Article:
For years, the oil and gas industry has been utilizing real-time sensors to monitor multiple parameters. In drilling operations, these sensors are highly important in achieving the well objectives. They provide data to guide the well execution and aid during the evaluation phase. The downside is the limited capability to identify operational anomalies. The latest popular strategy to mitigate this downside is using a Decision Support Center to obtain the most benefit from this data. Decision Support Center should be available for 24-hour operations and consists of multiple personnel to review data, provide path forward recommendation, and alert the field supervisor.
During these past years, most companies have optimized the number personnel to keep competitive in a low oil price environment. However, some knowledge has been lost during the process. On the other hand, the industry worldwide is entering an era of digital transformation. This triggers the need for artificial intelligence systems that can translate analog knowledge from personnel to digital data, analyze for execution anomalies from sensor readings, and provide feedback and recommendations to the end-users.
In one of largest mature onshore Indonesian blocks, a pilot implementation of artificial intelligence assisted Decision Support Center was developed. With limited time and cost, the project needed to be developed as fit-for-purpose. Thus, the system focused on the significant problem which historically caused million dollars in lost opportunity in the form of stuck pipe. A single stuck pipe event could result in a US$ 2.5 MM loss, which is more than 2 times the typical well AFE in this block. Beside surface and downhole sensors readings, subsurface prognosis, torque and drag model; operational best practices were also included in the system. Anomaly alarms were developed, including ECD limit by depth, pick up weight limit by depth, torque limit by depth, potential loss circulation zone, maximum allowable static time, and maximum allowable pumps off time. Whenever the sensor reading exceeds these limits, an automatic alarm would be generated and sent to the field supervisor, drilling superintendent and drilling engineer. As result, it only required 1 personnel per 4 rigs to maintain the process compare to 3-4 personnel per rig required with the conventional Decision Support Center process. This process successfully eliminated stuck pipe events though to the remaining of the drilling campaign of 56 wells, where the historical frequency had been 1 stuck pipe event out of 20 wells.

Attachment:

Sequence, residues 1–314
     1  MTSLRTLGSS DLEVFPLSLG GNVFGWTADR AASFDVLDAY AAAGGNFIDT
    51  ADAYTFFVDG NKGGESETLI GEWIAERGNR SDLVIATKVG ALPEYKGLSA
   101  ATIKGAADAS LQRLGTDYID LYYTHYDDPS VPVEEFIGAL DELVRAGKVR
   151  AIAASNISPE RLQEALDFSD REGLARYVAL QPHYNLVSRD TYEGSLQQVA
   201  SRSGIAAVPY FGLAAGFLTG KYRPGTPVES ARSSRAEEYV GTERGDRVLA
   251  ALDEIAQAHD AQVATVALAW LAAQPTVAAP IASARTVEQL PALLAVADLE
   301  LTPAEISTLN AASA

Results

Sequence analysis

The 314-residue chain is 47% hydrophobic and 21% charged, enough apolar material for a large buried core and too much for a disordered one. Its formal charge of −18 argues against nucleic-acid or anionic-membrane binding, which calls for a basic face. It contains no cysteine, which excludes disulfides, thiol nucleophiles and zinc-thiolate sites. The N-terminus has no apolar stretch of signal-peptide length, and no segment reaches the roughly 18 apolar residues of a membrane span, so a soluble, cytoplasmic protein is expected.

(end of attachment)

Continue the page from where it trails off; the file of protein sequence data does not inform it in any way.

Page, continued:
Future improvement in this system will utilize machine learning to develop anomaly alarms by gathering data from offset well operations. An additional benefit of this system is to implement it in workover operations.